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Ralph VAUGHAN WILLIAMS (1872-1958)
Te Deum in G [7:12]
Mass in G minor [23:10]
O vos omnes [5:51]
Valiant-for-Truth [5:57]
A vision of aeroplanes [10:06]
Judith BINGHAM (b. 1952)

Mass [26:50]
The Choir of Westminster Cathedral/Martin Baker (Master of Music)
Robert Quinney (organ)
rec. Westminster Cathedral, 5-8 July 2004 DDD
HYPERION CDA67503 [79:45]

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Within a couple of days of receiving my review copy of this disc, news reached me that Hyperion had lost the case of breach of copyright brought against them by Dr Lionel Sawkins. The issues behind the case have been well documented elsewhere and I do not intend to discuss them further here. I will simply say that whatever your stance on the rights and wrongs of the matter, Hyperion is a label that has brought us much to be thankful for over a good number of years now. With costs reputed to be around one million pounds there is bound to be some degree of impact on future recording plans but let us hope that the Hyperion team can recover sufficiently to carry on their sterling work.

If an example were needed of Hyperionís services to British music in particular, here is a classic case in point. Despite being one of our most performed contemporary composers both in the concert hall and on radio, Judith Binghamís discography to date is scandalously slim. Only a handful of generally smaller works have so far made it onto disc. None of her major works, including those for choir for which she is probably best known, have been committed to CD whilst no single disc has been produced dedicated entirely to her music. Happily this latter point is about to be put right. A recording scheduled to appear on the Naxos label is already in the can and is to include several major works for choir, organ and brass including her 2004 Proms commission The Secret Garden (in the live RAH recording of the premiere by Thomas Trotter and the BBC Singers), Salt in the Blood, an earlier Proms commission and Ancient Sunlight, written for Thomas Trotter following the completion of the long awaited organ at Symphony Hall, Birmingham.

In the meantime Hyperion have succeeded in plugging the gap with this premiere recording of Binghamís Mass, written for Westminster Cathedral as a celebration of Ascension Day in 2003. Bingham chooses to deviate from the conventional in creating what amounts to a narrative journey with settings of the Kyrie, Gloria, Offertory, Sanctus and Benedictus and Agnus Dei framed by two substantial organ pieces, a Preamble entitled The road to Emmaeus and a Voluntary, Et cognoverunt eum. The result is both impressive and effective, the organ Preamble paving the thematic way and lending the work a satisfying architectural cogency.

The language, whilst melodically and harmonically approachable, can be uncompromisingly austere in true Bingham fashion with a dark beauty rarely straying far from the surface of the music yet punctuated by occasional passages of repose as demonstrated in the beautiful central section of the Gloria. The Preamble opens in hushed mystery to reveal the disciples trudging in dejection with Christ absent from their midst. The music rises to a moment of "stunned recognition" before subsiding once again to an atmospheric conclusion, proof that Bingham writes every bit as well for organ as she does for choir. The shifting, unsettled Kyrie (anyone familiar with the composerís Advent hymn The Clouded Heaven will feel instantly at home here) leads into a powerful proclamation of the Gloria before the Offertory, Et aperti sunt oculi, which like the organ Preamble and Voluntary draws on St. Lukeís Gospel for its narrative thread. Both the brief Sanctus and Benedictus and Agnus Dei depart to a sound world steeped in plainsong, with a touching simplicity in notable contrast to the earlier music whilst the final Voluntary culminates in a bold celebration of the Ascension, the music growing inexorably to an emphatic final chord.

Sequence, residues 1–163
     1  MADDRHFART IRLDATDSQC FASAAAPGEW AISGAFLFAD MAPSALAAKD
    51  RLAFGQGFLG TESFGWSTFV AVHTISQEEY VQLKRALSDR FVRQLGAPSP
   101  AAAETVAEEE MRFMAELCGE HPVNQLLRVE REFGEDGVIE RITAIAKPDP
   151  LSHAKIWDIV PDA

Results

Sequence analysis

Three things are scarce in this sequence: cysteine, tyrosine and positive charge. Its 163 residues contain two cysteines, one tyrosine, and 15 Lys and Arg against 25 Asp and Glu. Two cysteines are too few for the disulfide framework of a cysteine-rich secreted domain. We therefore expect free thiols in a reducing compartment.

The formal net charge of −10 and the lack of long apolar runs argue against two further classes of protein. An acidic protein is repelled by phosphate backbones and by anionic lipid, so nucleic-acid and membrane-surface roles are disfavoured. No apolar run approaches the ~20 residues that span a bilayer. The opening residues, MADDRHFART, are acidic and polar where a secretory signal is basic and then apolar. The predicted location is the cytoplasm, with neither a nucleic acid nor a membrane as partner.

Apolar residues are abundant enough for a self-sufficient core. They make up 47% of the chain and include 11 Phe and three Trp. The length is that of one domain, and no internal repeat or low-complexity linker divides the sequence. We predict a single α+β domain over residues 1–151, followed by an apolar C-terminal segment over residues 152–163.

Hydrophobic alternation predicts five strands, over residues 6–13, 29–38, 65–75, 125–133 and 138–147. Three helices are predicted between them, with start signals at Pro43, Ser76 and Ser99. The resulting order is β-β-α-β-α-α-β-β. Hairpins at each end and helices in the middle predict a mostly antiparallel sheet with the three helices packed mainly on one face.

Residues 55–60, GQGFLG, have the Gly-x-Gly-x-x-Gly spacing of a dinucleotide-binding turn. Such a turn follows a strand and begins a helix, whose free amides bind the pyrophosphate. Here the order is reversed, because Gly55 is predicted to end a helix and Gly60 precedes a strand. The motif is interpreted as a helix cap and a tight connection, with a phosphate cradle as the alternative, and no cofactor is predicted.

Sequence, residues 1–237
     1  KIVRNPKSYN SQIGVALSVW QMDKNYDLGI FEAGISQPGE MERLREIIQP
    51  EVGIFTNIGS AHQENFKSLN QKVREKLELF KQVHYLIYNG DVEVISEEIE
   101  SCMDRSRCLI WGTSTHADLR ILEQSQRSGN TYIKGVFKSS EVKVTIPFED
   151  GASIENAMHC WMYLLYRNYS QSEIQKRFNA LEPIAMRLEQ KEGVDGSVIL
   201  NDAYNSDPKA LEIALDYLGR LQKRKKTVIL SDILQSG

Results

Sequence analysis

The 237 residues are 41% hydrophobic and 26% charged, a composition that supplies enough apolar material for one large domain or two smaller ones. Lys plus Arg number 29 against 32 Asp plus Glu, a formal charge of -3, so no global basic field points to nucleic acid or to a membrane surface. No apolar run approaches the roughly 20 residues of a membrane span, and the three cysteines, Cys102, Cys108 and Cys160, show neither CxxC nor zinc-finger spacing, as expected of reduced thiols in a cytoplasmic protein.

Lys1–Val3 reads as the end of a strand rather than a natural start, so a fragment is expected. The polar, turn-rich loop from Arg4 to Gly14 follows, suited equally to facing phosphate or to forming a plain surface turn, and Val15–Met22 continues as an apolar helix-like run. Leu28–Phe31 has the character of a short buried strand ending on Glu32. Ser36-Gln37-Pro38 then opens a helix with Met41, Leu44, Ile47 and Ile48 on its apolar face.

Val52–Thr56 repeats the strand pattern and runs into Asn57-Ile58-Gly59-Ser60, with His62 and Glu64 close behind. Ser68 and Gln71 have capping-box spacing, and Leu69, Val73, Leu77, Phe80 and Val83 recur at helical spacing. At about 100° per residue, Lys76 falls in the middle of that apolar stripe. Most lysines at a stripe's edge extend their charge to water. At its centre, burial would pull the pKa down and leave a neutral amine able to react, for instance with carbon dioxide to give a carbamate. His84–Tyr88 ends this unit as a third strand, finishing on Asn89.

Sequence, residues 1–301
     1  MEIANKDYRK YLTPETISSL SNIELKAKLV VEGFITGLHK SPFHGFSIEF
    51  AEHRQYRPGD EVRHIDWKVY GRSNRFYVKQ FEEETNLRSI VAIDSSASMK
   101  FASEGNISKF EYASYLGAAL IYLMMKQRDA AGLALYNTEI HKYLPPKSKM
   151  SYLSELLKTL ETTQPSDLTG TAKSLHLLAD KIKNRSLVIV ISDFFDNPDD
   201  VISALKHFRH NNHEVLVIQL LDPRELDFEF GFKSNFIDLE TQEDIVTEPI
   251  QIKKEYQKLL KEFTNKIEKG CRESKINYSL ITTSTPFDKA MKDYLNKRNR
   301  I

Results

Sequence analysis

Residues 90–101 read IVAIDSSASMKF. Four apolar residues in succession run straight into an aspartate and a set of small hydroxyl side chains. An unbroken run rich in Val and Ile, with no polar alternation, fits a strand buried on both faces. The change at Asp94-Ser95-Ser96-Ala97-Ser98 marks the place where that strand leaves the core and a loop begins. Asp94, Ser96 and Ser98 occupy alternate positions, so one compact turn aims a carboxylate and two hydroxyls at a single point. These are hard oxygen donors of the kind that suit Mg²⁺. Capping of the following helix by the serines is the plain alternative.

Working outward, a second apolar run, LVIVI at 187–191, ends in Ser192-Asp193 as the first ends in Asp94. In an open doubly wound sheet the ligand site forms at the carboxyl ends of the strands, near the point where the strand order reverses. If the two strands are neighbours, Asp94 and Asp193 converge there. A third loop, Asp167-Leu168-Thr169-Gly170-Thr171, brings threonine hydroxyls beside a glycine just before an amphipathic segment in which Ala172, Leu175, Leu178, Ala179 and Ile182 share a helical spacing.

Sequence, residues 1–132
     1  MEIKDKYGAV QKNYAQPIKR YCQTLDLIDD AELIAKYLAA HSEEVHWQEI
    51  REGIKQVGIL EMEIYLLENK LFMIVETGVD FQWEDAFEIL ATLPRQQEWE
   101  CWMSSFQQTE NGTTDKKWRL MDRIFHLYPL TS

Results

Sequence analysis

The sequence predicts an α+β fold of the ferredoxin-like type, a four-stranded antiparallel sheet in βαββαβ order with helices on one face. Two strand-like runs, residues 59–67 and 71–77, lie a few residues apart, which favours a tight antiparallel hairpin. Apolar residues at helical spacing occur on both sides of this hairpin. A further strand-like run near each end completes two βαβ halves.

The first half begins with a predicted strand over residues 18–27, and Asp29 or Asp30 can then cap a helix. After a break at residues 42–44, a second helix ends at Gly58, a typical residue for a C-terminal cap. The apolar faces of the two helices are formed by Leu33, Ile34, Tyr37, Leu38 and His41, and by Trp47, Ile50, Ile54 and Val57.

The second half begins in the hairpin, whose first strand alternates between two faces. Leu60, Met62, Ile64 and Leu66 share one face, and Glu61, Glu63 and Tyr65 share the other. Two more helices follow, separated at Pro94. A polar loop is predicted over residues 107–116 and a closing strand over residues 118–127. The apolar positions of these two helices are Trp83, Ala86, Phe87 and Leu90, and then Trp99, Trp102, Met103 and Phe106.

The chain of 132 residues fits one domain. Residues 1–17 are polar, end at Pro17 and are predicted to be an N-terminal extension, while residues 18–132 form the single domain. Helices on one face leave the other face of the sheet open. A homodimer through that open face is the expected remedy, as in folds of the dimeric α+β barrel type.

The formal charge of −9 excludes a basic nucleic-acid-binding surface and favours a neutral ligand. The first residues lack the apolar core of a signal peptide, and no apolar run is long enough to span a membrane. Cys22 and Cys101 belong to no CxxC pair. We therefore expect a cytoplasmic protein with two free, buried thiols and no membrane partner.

To my ears Binghamís music has always sounded unmistakably English, an indication perhaps of why it appears to sit so well here alongside Vaughan Williams. Yet in contrast to the Bingham, in Vaughan Williamsí Mass in G Minor the Choir of Westminster Cathedral enters a positive minefield of competition. The same gutsy, full blooded singing that they bring to Binghamís Mass is also demonstrated in the Vaughan Williams Mass setting and whilst I would not place Martin Bakerís Westminster forces at the very forefront of the finest available recordings of the work they acquit themselves with an enthusiasm that is both infectious and enjoyable. The joyous Te Deum in G that opens the disc is magnificently sung with a fine sense of the spaces and acoustic resonances of Westminster Cathedral. Those same resonances also pay dividends in the contrasting, ethereal calm of O vos omnes, a truly haunting setting that Vaughan Williams conceived with those very acoustics in mind when he wrote it for Westminster Cathedral in 1922. Equally striking, albeit for different reasons, is A vision of aeroplanes, the extraordinary setting of the prophet Ezekiel that Vaughan Williams wrote within the last two years of his life in 1956. As in the epic and underrated Ninth Symphony, this work is ample evidence that even in his eighties the composerís mind was still probing and pushing his own musical boundaries. Once again both choir and organist Robert Quinney give an account of unwavering commitment.

Christopher Thomas


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